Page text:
As the seasons change, you probably switch out your wardrobe by putting away the shorts and bathing suits and pulling out your sweaters and coats. But do you change out your skin care regime?
By Korie Wilkins
Sponsored by Detroit Aesthetics Co.
If you aren’t switching how you care for your skin – and not just on your face, but your body as well, you are likely seeing some less-than-desirable changes like dryness, acne or irritation, says Dr. Kyle Farr, who owns Detroit Aesthetics Co. in Plymouth.
“Our skin has different needs in the winter versus the summer,” Farr says. “You can’t really use the same products year-round and expect the same results.”
In the summer, our skin tends to be oilier, as you sweat more and it’s more humid. In the winter, your skin tends to be drier and flakier. Fall is an excellent time to take stock of how your skin is behaving and start to slowly add, remove or switch out your products.
Farr says many clients need to switch up their cleanser especially, moving to a milky or cream-based cleanser. If that doesn’t do the trick to remove makeup, Farr says to double cleanse with an oil cleanser first to remove makeup and then follow up with a milky or cream-based cleanser.
Hydration, obviously, is key as well, and Farr loves a product by Skin Better Science called Trio, that helps keep your skin moist by replacing the fatty lipid barrier. It’s not a thick, greasy moisturizer either, he says, but it is incredibly effective.
Many people notice a build-up of dead skin around this time of year, and for the acne-prone, that can translate into breakouts, Farr says. Exfoliation is critical during this time, to prevent clogged pores and to keep a healthy glow.
Farr loves to bust this myth: Exfoliation does not necessarily lead to dry skin, if you do it correctly. That’s why you should see an experienced aesthetician, who can assess your skin and make recommendations on how to care for it.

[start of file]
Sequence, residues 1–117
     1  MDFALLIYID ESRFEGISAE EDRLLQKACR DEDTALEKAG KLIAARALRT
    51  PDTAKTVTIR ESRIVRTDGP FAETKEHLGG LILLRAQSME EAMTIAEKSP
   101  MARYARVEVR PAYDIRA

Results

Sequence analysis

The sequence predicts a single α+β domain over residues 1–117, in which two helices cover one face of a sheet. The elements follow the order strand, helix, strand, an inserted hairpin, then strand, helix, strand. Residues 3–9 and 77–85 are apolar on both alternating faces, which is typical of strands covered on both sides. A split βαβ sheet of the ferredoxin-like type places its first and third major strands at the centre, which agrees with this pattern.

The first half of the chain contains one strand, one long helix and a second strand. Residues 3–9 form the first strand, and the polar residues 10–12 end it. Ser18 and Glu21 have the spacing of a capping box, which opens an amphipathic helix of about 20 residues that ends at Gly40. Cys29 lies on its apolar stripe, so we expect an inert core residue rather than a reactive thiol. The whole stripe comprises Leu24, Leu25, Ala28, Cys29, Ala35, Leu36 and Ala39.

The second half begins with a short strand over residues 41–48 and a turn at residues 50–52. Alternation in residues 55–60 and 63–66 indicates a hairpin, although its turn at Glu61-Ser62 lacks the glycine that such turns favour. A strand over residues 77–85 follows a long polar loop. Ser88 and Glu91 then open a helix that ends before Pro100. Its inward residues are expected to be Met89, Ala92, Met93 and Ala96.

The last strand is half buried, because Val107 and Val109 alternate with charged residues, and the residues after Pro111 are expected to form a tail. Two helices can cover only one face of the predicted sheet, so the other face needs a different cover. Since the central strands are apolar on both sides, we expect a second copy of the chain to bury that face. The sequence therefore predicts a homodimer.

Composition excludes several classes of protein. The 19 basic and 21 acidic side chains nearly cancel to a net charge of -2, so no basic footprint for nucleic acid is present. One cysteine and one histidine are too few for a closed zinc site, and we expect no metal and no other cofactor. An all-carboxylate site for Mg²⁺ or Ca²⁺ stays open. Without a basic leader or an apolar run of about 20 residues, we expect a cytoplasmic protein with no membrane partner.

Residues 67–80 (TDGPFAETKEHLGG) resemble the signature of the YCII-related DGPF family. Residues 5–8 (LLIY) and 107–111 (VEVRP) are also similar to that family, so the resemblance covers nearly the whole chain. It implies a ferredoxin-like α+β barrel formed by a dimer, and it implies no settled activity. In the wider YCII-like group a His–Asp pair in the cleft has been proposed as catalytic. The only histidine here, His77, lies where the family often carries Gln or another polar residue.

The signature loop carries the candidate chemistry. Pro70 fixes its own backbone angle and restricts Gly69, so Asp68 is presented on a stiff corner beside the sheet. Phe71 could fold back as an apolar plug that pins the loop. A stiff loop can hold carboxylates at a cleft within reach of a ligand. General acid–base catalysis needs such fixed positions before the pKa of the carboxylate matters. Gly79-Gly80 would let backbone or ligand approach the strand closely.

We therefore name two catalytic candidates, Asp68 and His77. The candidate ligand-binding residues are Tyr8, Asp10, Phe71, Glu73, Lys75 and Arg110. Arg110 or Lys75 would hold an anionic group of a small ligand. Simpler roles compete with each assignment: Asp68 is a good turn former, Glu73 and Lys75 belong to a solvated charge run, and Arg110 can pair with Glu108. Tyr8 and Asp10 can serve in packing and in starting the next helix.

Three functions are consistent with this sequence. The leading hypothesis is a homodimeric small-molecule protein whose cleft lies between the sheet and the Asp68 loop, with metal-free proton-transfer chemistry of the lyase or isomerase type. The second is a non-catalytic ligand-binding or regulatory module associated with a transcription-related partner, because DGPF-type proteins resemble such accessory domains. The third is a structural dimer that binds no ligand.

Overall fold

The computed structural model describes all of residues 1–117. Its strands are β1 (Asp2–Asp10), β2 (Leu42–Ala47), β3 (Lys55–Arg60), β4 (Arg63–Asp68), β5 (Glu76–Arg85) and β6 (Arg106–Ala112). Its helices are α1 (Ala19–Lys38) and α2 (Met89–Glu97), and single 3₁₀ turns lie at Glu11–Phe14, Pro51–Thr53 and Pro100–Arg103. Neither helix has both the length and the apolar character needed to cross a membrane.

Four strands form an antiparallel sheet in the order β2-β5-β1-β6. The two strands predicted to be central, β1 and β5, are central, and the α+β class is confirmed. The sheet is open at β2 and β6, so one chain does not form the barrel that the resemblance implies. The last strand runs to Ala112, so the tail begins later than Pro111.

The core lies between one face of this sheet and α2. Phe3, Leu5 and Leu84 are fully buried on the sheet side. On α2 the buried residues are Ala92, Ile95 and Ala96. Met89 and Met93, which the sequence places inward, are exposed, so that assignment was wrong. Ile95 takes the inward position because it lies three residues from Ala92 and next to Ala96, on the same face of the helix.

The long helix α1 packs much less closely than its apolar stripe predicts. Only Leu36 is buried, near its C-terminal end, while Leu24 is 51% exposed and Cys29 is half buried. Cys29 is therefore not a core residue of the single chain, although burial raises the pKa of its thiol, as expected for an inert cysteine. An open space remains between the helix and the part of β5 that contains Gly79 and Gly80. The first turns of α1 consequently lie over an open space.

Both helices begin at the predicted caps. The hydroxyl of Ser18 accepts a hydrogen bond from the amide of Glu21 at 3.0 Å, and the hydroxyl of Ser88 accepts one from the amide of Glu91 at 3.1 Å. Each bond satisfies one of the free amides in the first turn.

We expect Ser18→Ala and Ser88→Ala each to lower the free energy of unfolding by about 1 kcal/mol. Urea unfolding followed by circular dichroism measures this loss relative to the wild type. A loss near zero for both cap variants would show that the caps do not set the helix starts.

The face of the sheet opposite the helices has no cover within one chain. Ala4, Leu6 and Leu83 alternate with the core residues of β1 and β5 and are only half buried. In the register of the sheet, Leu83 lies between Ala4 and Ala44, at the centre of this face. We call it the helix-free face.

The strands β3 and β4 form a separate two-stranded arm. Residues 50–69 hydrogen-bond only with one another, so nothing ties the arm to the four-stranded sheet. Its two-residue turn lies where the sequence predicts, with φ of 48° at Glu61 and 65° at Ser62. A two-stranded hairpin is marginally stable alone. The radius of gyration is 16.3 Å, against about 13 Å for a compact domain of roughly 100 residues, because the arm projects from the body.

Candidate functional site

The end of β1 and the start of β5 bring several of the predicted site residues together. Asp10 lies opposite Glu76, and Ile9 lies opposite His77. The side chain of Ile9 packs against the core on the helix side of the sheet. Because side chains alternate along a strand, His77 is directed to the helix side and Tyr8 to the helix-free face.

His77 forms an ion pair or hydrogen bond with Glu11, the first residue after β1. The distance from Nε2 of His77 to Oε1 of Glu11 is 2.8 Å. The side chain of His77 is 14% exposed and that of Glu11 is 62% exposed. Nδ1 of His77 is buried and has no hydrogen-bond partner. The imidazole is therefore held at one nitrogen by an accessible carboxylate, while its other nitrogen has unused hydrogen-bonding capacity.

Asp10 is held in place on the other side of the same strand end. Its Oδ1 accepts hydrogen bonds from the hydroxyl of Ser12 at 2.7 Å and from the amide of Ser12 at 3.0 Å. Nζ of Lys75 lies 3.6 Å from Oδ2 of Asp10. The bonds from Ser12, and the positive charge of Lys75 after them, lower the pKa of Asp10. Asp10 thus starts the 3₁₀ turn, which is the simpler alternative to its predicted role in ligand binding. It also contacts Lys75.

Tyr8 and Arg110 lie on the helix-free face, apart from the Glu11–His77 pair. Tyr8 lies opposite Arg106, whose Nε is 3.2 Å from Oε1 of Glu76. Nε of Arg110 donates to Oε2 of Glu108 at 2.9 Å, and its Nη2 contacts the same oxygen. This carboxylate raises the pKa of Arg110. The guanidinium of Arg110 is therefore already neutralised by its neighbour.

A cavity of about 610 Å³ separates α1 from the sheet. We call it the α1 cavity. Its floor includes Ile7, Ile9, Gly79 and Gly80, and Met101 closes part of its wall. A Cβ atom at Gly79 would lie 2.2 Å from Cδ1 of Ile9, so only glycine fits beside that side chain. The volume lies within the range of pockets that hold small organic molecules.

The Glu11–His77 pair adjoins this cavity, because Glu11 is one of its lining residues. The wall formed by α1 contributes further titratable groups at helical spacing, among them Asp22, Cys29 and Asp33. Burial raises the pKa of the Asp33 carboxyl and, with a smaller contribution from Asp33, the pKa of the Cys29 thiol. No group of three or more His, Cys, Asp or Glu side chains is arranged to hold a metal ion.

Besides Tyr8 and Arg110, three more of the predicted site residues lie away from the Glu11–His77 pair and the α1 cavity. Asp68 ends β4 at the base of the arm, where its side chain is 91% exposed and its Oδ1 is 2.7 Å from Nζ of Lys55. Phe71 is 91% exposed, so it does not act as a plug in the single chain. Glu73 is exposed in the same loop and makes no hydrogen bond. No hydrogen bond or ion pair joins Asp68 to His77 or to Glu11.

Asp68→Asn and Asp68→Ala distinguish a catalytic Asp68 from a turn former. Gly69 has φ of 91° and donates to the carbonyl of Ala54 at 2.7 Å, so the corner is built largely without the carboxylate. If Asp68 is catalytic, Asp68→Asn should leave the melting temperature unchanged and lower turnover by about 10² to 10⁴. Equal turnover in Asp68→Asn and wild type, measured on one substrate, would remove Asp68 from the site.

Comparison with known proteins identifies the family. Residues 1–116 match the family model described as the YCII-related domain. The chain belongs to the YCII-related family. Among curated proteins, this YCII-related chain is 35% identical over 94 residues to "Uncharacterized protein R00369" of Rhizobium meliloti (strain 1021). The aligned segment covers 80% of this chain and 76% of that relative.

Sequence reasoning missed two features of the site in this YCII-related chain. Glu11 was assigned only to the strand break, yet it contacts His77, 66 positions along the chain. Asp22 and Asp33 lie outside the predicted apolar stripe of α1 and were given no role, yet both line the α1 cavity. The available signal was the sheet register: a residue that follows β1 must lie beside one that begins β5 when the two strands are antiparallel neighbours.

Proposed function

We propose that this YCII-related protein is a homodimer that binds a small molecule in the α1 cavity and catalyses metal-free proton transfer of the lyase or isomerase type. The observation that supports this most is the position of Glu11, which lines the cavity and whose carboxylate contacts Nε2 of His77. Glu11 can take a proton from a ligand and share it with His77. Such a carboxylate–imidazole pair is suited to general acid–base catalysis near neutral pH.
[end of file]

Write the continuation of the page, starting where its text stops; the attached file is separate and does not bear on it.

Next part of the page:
As for exfoliation, there are chemical exfoliators like retinols, alpha hydroxy acids and beta hydroxy acids. And there are mechanical exfoliators like scrubs. Both kinds of exfoliants can be mild or aggressive and you can absolutely use both, as long as you are listening to your aesthetician, Farr says. “It can be easy to overdo it,” he says.
At the Detroit Aesthetics Co., a popular treatment is the HydraFacial MD, a treatment that resurfaces the skin through washing, exfoliation, extraction and antioxidant protection in one step. And, Farr says, there’s no downtime! “We aren’t burning your face off with chemicals,” he says. “It’s gentle and effective and gives you that glow.”
One of the most important things to remember when you are considering winter skin care is that there is no “one size fits all” solution. And Farr says his team treats clients as individuals, pulling products from different skin care lines to make a custom regime that is tailored to your personal needs.
Farr has a client who works in a very dry environment, for example, so he tailors her skin care regime to address that. But another client who might work at home with a humidifier running needs a different plan.
Lastly, Farr reminds his clients at every visit to always use SPF. Yes, even in the winter. And yes, every day. The snow actually reflects more UV rays than water or sand, so while you might not get a sunburn in January, those rays are still doing damage. “For my clients who ski especially, it’s easy to get a lot of UV exposure in the winter, so SPF is key,” he says. “If you only do one thing, use SPF daily, all year.”
Detroit Aesthetics Co.
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640 Starkweather, Suite C | Plymouth MI 48170
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